The presently preferred embodiment of the invention is shown in FIG. 6. There is illustrated a crankshaft 10 according to the invention. The crankshaft includes a first shaft 11 and a second shaft 12 whose axes 13, 14 are parallel to and offset from one another.
The counterweight 15 comprises a stack of identical plates, in this case example six, which are numbered 16, 17, 18, 19, 20, and 20a. Because they are all identical, only plate 16 will be described in detail. As best shown in FIGS. 4 and 5, it comprises a flat plate with a first and a second side 21, 22.
First and second shaft mounting holes 23, 24 are formed which extend between the two sides. On side 21 there are formed a pair of bosses 25, 26. On the other side there are formed a pair of depressions 27, 28. These are formed by punching operations as will later be described. They are preferably made circular. Accordingly, bosses 25 and 26 preferably have boundary walls 29, 30 which are circular and are also substantially cylindrical. They will be made as close to cylindrical as possible. Similarly, the depressions have boundary walls 31, 32 which are circular and substantially cylindrical, departing from a pure cylinder only by the amount necessary to enable the part to be separated from the die which forms it. The relative dimensions of the boundary walls of the bosses and of the depressions are such that the bosses make a tight fit (at least a net fit) in the depressions of the neighboring plate. A pressed interference fit is to be preferred, but a net fit is also useful.
It will be seen that the identical plates are aligned by the bosses and the depressions and that the first and second holes will also fall in line so that the stack is readily assembled.
The entire construction can readily be made by punching and pressing operations. For example, in FIG. 1 there is shown a convenient process for forming the plates. It starts with a metal sheet 35 which may be a strip so that the plates can be made in progressive dies. The metal sheet has an index hole 36 formed in an upper part 37 of the sheet which will not form part of the plate when it is completed.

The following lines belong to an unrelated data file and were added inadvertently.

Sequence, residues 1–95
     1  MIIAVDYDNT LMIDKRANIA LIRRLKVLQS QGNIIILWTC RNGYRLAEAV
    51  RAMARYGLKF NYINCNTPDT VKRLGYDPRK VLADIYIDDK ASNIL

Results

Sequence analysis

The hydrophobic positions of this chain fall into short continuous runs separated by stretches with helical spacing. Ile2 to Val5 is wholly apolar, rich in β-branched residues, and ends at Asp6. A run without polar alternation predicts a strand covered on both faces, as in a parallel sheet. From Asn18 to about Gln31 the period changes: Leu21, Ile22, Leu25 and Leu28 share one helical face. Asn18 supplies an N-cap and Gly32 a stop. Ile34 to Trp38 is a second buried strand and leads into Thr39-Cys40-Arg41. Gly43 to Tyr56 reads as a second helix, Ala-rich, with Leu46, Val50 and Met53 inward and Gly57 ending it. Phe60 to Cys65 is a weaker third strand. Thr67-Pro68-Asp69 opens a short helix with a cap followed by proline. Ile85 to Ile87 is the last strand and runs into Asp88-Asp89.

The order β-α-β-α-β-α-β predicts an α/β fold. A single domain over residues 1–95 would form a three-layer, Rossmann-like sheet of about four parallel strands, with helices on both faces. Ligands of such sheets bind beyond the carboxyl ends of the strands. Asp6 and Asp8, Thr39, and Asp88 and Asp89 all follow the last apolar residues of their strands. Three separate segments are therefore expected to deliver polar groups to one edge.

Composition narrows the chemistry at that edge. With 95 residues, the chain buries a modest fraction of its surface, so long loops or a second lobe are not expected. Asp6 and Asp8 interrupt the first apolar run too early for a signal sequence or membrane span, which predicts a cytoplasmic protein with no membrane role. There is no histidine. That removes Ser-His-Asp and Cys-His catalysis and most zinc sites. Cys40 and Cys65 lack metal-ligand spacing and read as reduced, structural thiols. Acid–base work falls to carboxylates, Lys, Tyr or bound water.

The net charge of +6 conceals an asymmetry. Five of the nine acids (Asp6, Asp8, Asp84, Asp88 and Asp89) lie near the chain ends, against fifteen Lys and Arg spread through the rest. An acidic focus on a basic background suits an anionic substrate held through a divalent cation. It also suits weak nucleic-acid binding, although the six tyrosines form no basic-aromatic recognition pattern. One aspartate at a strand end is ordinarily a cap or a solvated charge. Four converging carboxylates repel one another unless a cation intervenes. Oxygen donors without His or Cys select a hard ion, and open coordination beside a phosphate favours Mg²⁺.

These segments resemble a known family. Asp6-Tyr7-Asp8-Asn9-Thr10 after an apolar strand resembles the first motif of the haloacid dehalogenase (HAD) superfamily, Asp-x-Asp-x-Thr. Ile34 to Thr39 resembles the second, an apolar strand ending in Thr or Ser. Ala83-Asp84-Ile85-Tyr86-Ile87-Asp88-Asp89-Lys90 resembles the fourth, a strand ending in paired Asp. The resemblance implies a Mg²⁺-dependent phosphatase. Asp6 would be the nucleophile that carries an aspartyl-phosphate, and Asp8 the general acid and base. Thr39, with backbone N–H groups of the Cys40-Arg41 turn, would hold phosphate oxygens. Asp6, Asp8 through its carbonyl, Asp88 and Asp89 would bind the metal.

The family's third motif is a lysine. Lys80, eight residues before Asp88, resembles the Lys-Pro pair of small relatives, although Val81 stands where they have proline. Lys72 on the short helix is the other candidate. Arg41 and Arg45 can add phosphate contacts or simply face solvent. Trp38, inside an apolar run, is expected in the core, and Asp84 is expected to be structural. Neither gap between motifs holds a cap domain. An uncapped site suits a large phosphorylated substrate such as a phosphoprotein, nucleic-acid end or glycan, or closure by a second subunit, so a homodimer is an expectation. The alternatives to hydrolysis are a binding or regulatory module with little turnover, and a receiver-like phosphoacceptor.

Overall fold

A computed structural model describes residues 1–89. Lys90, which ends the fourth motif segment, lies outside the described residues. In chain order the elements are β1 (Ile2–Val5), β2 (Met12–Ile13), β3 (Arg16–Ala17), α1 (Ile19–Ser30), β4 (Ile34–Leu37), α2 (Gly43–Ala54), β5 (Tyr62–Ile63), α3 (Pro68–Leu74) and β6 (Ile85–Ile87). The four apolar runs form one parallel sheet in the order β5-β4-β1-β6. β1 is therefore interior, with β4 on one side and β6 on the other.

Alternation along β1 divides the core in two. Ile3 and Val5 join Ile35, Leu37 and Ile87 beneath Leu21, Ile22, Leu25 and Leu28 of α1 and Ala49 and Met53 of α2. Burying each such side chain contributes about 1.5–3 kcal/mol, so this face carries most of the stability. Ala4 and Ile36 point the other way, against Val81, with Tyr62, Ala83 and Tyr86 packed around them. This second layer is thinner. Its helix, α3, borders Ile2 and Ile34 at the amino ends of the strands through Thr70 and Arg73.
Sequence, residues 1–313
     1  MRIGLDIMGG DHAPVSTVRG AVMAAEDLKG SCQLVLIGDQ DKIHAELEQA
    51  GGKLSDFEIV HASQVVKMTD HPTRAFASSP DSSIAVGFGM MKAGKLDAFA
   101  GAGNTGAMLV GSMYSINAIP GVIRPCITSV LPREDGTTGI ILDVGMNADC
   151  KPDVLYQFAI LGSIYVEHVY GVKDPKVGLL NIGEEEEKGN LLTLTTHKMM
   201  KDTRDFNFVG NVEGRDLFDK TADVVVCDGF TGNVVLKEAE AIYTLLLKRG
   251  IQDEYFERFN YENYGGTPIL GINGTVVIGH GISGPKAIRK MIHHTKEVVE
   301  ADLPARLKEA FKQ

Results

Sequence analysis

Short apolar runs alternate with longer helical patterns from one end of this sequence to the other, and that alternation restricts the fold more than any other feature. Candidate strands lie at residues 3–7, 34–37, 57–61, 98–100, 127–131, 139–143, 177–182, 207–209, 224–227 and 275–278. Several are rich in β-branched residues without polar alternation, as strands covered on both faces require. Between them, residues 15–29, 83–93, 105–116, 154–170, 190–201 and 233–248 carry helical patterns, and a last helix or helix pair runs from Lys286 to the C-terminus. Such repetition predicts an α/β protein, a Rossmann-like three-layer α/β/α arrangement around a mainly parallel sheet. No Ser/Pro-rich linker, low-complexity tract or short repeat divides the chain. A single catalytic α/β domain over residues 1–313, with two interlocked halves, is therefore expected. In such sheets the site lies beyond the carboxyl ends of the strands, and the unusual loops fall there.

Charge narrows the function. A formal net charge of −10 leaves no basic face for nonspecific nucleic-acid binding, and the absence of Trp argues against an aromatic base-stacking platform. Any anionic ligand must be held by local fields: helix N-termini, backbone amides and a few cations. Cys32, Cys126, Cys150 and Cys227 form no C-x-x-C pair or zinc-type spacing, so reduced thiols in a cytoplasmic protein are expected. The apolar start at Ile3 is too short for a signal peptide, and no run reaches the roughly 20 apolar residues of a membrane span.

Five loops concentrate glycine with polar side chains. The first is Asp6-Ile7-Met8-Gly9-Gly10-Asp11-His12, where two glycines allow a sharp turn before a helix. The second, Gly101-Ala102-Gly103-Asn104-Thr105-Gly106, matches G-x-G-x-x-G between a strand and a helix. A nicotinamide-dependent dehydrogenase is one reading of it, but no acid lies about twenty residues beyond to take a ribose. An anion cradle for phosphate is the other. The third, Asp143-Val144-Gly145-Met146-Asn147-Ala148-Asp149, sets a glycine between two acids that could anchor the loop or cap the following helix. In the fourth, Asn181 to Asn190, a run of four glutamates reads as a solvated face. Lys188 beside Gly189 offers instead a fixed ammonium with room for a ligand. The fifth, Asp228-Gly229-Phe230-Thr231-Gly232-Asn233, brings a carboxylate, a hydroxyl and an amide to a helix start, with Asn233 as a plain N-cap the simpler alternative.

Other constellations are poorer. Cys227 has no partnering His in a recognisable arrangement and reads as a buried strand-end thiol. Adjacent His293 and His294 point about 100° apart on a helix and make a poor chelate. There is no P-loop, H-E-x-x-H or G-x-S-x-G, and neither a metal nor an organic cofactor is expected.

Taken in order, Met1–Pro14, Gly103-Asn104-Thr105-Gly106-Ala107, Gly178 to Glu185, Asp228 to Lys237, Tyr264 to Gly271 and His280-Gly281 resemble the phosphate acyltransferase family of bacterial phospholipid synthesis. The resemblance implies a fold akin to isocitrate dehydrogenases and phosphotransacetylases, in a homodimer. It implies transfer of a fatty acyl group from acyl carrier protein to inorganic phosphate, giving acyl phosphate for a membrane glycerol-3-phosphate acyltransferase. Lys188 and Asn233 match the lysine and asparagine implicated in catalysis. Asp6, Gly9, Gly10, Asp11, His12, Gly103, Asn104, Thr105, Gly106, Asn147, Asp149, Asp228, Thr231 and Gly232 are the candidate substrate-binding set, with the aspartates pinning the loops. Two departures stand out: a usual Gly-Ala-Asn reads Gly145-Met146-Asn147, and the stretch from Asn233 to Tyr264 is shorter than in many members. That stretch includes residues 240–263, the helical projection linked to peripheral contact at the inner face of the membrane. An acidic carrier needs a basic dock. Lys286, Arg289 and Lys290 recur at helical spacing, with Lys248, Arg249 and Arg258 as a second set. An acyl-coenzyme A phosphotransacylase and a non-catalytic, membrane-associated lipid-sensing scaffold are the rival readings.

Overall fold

At a first station 38, the index hole and the first and second holes 23, 24 are punched. The strip is then moved to second station 39, where the index hole is used to locate the first and second holes, and then their walls are sized or burnished as appropriate.
Next the strip proceeds to third station 40, where again the work is located by means of the index hole. Here the depressions and bosses are formed by a die-punching stamping operation.
Thereafter, the strip is moved to the fourth station 41 where a blanking die (not shown) punches a completed plate out from the sheet, leaving a void 42.
The completed plate is shown in FIG. 5.
Thereafter, the stack of plates is assembled and placed together. Either at the same time or later the cylindrical portions of the two shafts are pressed into the respective holes. The shafts should make at least a net fit, and preferably will make an interference fit, whereby the entire device is optimally held together.
The shafts could be appropriately shouldered and headed to hold the counterweight together, but the interference fit is sufficient and less expensive.
It will be observed that the rotational angular alignment of the plates is dependent principally on the interengagement of the bosses and depressions. These are relatively short stubby bosses, and they are too short to bend appreciably. Therefore, the stack is rugged, stiff, and resistive to torque deformation. The stack has been manufactured by inexpensive techniques, without requiring fastening means. In a preferred embodiment of the invention, the material of the plates is carbon steel 1010 drawn hard. In one known device there are five or six plates, each of them being about 0.085 inches thick.
It is further to be observed that the bottom of each depression is located between the sides of the plate at a spacing from the side from which the boss projects. This leaves a substantial shear web between the two sides, between the bottom of the depression and the base of the boss.
This invention is not to be limited by the embodiment shown in the drawings and described in the description, which is given by way of example and not of limitation but only in accordance with the scope of the appended claims.